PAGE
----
The California Public Utilities Commission (CPUC) sent in a reform proposal on Monday to reduce the energy bill discounts for people who install solar panels and storage systems.
The current law has been in the books since 1995. That year, then-Governor Pete Wilson signed into law SB 656, a net energy metering bill that allowed customers with on-site solar panels to receive electric bill credits for any surplus energy sent back to the grid. Designed to increase the number of solar panels in California and to reduce the need to fossil-fuel based energy sources, the incentive was included as a way for those who installed them to recoup the costs of the panel quickly.
As the power has been sold back at the retail rate, energy companies have complained that the savings are now so great that solar customers now don’t pay the minimum needed amount to help operate the grid. Specifically, as solar customers rely more on nighttime energy, energy companies have said they wanted those customers to help pay for nighttime operations, as different energy is generally needed at night.
In a separate proposal not picked up on Monday, Pacific Gas & Electric, San Diego Gas & Electric, and Southern California Edison recommended to remove the financial incentives. The solar industry, environmental groups, and consumer groups also introduced proposals decidedly more in favor of solar power.
According to CPUC Commissioner Martha Guzman Aceves, the reforms issued on Monday address the energy industries concerns while also continuing to push for solar energy. Instead of a total slashing, solar customers will instead get less money knocked off their energy bills that they currently get for selling excess energy back. An extra charge of $40 as a “grid participation charge” will also be added to address the nighttime usage situation.
All new solar customers will fall under the new regulations, with those who currently have panels not operating under the new system until the the panels are 15 years old.
As the California solar mandate has solar panels needing to be added to all new homes since 2020, all new construction will fall under the new proposed regulations.
Environmentalists and solar advocates blasted the plan on Monday as they note that cost recovery for installing the panels would be pushed back from an average of 11 years to 15 years under the plan. They note that many homeowners may not want to add panels under the new proposal, with many also noting that it only hurts California environmentally due to bringing in fewer people who want them.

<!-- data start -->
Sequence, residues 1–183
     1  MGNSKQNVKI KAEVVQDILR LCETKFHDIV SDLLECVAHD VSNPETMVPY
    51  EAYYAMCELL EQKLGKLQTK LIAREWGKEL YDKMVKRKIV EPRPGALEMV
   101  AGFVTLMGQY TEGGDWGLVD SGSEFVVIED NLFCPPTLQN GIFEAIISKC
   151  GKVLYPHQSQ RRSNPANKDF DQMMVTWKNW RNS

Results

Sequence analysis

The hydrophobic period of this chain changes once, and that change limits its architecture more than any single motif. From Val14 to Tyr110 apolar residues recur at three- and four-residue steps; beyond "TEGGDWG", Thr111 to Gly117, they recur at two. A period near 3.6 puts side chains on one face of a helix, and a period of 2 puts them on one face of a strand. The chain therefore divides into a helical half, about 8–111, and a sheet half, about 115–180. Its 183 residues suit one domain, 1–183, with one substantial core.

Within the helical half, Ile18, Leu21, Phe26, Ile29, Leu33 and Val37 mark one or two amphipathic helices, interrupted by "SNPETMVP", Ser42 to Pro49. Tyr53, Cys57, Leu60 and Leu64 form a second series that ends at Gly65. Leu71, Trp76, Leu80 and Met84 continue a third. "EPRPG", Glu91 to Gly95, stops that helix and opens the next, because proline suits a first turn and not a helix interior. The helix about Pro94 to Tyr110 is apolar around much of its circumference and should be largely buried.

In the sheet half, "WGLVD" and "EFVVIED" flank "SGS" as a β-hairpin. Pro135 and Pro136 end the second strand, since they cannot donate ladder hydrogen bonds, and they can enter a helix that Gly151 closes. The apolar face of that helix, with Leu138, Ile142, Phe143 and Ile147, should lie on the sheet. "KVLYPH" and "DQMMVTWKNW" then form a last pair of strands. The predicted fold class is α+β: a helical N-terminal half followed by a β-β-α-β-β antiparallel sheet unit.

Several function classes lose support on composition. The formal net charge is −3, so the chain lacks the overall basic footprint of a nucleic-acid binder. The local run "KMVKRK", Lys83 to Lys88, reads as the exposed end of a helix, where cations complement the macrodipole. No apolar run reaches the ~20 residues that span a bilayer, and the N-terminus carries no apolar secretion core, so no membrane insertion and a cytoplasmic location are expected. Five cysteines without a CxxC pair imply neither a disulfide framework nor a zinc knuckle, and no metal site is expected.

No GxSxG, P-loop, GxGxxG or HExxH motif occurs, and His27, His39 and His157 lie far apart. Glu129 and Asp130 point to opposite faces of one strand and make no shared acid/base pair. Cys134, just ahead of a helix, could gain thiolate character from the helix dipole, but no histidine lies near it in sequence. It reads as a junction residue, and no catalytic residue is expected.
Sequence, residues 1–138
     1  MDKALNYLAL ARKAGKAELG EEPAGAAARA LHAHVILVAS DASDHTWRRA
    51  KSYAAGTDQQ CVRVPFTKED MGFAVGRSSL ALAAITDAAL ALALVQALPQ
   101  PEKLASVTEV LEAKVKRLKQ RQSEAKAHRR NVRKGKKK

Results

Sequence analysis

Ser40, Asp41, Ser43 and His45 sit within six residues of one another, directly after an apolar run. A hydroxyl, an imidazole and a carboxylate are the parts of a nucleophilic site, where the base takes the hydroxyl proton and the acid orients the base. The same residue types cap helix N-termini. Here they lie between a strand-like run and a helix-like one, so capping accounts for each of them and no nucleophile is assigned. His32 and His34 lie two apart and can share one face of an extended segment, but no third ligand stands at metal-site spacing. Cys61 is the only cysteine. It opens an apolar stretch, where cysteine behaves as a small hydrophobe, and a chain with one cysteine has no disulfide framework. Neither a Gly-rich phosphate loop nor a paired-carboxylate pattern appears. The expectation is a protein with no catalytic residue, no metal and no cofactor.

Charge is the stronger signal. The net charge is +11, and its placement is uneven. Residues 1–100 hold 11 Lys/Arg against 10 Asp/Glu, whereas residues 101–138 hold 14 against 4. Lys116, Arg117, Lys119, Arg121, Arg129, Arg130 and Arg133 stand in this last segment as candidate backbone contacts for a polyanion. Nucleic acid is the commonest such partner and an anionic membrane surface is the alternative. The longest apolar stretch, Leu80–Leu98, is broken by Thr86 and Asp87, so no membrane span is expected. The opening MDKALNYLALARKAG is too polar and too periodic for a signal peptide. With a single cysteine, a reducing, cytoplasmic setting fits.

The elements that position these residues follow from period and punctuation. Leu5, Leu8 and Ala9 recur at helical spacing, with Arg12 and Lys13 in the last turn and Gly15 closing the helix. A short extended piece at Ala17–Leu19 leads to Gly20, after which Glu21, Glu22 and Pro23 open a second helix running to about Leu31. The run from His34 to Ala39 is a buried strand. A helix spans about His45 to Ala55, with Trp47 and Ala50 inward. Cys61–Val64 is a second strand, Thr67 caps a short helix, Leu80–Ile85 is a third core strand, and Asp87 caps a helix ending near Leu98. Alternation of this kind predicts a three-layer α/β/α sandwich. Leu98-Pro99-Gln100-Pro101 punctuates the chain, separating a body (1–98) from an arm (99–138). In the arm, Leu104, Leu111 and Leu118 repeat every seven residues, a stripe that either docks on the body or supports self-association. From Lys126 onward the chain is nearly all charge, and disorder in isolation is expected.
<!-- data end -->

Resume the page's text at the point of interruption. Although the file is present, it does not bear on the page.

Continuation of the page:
“This decision by the commission to hobble rooftop solar could undo one of the nation’s most successful efforts to confront the climate crisis and move California to an electric grid powered by renewable energy,” said Environmental Working Group (EWG) President Ken Cook in a statement on Monday.
“Regulators’ caving to the demands of PG&E and the other investor-owned utilities in the state speaks volumes about their disregard for protecting ratepayers and their willingness to ignore the existential threat we face from global warming.”
“In the wake of the Dixie Fire, millions of people in the state suffered through another horrific summer of destruction as a result of PG&E’s reckless indifference when it comes to the safety of the state’s people and their property. And now the CPUC rewards that behavior by helping them crush the state’s rooftop solar program in a brazen and deceitful plot to increase profits for investors.”
However, others noted that despite the added amount for solar owner, the storage subsidies could be a long-term worse prospect for utility companies.
“Utility companies do not want to see energy storage batteries, especially those linked up to alternative energy,” Linda Graham, a solar energy storage coordinator, told the Globe Monday. “Energy companies have been trying to stop huge battery projects in recent years, and the last thing they wanted was subsidies for individuals on this. With these storage batteries, customers can still sell power back, but won’t need to pay anything for night usage. They can even sell back any extra at night.”
“The utilities really wanted the end or a drastic reduction in how much solar energy is sold back into the grid, so that’s why the storage incentive was added to the proposal. That’s less people reliant on them. One utility guy told us once that he hates it so much because during the wildfires when the energy went off for days, some houses with these storage systems stayed on, and desperate neighbors went to them. Within a year, people around them began putting in their own. It spread. That’s what the energy companies are fearing. But as the proposal proved today, they don’t like people with panels getting money back from them due to all the solar energy even more.”
The CPUC proposal is due to be voted on by a five member panel next month.
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